These go in the top-level lib directory. You can put any kind of file in there and organize it with subdirectories however you like.

Users can reference another package’s assets using URLs that contain /packages/<package>/<path> where <package> is the name of the package containing the asset and <path> is the relative path to the asset within that package’s lib directory.

For example, let’s say your package wanted to use enchilada’s guacamole.css styles. In an HTML file in your package, you can add:

<link href="packages/enchilada/guacamole.css" rel="stylesheet">

When you run your application using pub serve, or build it to something deployable using pub build, pub will copy over any referenced assets that your package depends on.

Implementation files

enchilada/
  lib/
    src/
      beans.dart
      queso.dart

The libraries inside “lib” are publicly visible: other packages are free to import them. But much of a package’s code is internal implementation libraries that should only be imported and used by the package itself. Those go inside a subdirectory of lib called src. You can create subdirectories in there if it helps you organize things.

You are free to import libraries that live in lib/src from within other Dart code in the same package (like other libraries in lib, scripts in bin, and tests) but you should never import from another package’s lib/src directory. Those files are not part of the package’s public API, and they might change in ways that could break your code.

When you use libraries from within your own package, even code in src, you can (and should) still use "package:" to import them. This is perfectly legit:

import "package:enchilada/src/beans.dart";

The name you use here (in this case enchilada) is the name you specify for your package in its pubspec.

Web files

enchilada/
  web/
    index.html
    main.dart
    style.css

Dart is a web language, so many pub packages will be doing web stuff. That means HTML, CSS, images, and, heck, probably even some JavaScript. All of that goes into your package’s web directory. You’re free to organize the contents of that to your heart’s content. Go crazy with subdirectories if that makes you happy.

Also, and this is important, any Dart web entrypoints (in other words, Dart scripts that are referred to in a <script> tag) go under web and not lib. That ensures that a packages directory is created nearby so that package: imports can be resolved correctly.

(You may be asking whether you should put your web-based example programs in example or web?” Put those in example.)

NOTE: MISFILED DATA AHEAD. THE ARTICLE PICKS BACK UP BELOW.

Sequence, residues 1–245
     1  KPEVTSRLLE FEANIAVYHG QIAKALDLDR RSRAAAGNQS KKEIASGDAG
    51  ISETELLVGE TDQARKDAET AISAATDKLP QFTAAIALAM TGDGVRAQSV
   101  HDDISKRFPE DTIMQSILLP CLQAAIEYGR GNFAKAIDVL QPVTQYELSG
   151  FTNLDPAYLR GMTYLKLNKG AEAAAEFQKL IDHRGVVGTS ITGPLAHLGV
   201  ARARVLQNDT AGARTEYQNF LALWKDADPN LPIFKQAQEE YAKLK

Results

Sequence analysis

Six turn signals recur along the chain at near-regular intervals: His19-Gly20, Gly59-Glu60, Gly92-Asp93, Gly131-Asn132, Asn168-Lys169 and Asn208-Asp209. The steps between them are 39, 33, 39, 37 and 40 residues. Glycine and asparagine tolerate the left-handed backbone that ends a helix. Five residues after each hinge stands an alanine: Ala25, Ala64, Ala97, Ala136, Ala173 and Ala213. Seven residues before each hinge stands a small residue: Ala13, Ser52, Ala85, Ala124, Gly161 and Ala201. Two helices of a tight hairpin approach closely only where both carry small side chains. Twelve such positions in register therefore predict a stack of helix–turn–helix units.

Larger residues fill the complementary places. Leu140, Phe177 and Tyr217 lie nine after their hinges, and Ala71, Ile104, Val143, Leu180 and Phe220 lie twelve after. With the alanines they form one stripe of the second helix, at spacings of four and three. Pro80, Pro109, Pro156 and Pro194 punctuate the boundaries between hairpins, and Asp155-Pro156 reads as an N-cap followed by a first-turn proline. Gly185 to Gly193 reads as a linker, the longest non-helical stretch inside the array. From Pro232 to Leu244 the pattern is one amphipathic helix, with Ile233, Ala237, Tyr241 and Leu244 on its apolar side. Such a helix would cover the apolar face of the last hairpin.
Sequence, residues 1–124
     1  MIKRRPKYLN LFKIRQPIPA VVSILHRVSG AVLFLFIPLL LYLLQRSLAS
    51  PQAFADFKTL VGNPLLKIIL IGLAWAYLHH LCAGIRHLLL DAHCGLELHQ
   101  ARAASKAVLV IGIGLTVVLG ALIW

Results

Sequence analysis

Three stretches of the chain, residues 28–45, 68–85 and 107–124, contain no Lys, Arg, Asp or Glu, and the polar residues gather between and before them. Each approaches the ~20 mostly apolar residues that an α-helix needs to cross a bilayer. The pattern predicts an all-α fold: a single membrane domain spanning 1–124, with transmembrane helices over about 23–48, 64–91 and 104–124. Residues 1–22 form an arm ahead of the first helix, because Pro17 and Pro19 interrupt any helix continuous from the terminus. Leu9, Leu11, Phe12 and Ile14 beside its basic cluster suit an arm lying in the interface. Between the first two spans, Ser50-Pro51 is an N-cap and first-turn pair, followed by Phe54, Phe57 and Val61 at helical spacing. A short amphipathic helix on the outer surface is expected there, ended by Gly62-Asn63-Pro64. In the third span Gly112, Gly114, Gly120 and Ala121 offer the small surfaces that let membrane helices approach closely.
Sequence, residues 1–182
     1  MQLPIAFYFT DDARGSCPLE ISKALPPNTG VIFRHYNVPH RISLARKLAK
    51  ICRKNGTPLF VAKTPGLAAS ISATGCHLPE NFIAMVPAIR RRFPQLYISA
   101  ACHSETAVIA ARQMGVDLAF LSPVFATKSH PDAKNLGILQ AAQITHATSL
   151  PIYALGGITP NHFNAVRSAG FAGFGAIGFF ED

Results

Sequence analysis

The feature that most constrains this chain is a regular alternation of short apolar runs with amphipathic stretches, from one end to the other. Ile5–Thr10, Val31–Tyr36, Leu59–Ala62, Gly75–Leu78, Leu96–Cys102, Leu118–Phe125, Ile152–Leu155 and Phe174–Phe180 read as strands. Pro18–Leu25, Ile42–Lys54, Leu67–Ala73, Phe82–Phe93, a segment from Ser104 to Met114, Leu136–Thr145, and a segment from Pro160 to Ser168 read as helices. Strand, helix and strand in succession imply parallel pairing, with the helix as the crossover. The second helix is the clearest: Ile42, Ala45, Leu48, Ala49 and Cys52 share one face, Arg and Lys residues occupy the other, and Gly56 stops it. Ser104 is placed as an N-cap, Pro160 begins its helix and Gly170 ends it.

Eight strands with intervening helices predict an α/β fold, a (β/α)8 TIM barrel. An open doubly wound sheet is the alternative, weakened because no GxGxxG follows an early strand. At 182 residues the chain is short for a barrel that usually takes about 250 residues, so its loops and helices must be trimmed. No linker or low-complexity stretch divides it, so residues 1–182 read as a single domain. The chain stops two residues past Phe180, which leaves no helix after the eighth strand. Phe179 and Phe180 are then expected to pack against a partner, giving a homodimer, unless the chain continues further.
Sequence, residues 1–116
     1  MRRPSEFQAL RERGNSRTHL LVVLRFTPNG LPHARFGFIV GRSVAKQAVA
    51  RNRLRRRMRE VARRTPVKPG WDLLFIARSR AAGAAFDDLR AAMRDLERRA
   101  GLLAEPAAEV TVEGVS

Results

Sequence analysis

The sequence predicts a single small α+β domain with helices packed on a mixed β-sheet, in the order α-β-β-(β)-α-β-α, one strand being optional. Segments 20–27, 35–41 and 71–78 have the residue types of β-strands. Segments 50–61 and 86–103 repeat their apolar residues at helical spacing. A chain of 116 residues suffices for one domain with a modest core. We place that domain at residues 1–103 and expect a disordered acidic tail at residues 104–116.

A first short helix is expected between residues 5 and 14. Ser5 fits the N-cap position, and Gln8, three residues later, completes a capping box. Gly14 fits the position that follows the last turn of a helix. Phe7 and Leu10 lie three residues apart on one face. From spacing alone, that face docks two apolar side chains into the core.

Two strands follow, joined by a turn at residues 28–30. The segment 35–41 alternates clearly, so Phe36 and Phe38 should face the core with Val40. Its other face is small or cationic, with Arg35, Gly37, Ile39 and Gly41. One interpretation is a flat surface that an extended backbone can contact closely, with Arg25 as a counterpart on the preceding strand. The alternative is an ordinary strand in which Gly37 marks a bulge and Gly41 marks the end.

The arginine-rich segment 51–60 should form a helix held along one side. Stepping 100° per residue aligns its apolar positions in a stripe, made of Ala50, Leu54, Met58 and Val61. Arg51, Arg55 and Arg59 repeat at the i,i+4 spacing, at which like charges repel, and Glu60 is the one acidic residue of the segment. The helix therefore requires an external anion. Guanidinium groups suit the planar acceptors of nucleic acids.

Command-line apps

enchilada/
  bin/
    enchilada

Some packages define programs that can be run directly from the command line. These can be shell scripts or any other scripting language, including Dart. The pub application itself is one example: it’s a simple shell script that invokes pub.dart.

If your package defines code like this, put it in a directory named bin.

Tests and benchmarks

enchilada/
  test/
    enchilada_test.dart
    tortilla_test.dart

Every package should have tests. With pub, the convention is that these go in a test directory (or some directory inside it if you like) and have _test at the end of their file names.

Typically, these use the unittest package.

enchilada/
  benchmark/
    make_lunch.dart

Packages that have performance critical code may also include benchmarks. These test the API not for correctness but for speed (or memory use, or maybe other empirical metrics).

Documentation

enchilada/
  doc/
    getting_started.md

If you’ve got code and tests, the next piece you might want is good documentation. That goes inside a directory named doc. We don’t currently have any guidelines about format or organization within that. Use whatever markup format that you prefer.

This directory should not just contain docs generated automatically from your source code using docgen. Since that’s pulled directly from the code already in the package, putting those docs in here would be redundant. Instead, this is for tutorials, guides, and other hand-authored documentation in addition to generated API references.

Examples

enchilada/
  example/
    lunch.dart

Code, tests, docs, what else could your users want? Standalone example programs that use your package, of course! Those go inside the example directory. If the examples are complex and use multiple files, consider making a directory for each example. Otherwise, you can place each one right inside example.

This is an important place to consider using package: to import files from your own package. That ensures the example code in your package looks exactly like code outside of your package would look.

Internal tools and scripts

enchilada/
  tool/
    generate_docs.dart

Mature packages often have little helper scripts and programs that people run while developing the package itself. Think things like test runners, documentation generators, or other bits of automation.

Unlike the scripts in bin, these are not for external users of the package. If you have any of these, place them in a directory called tool.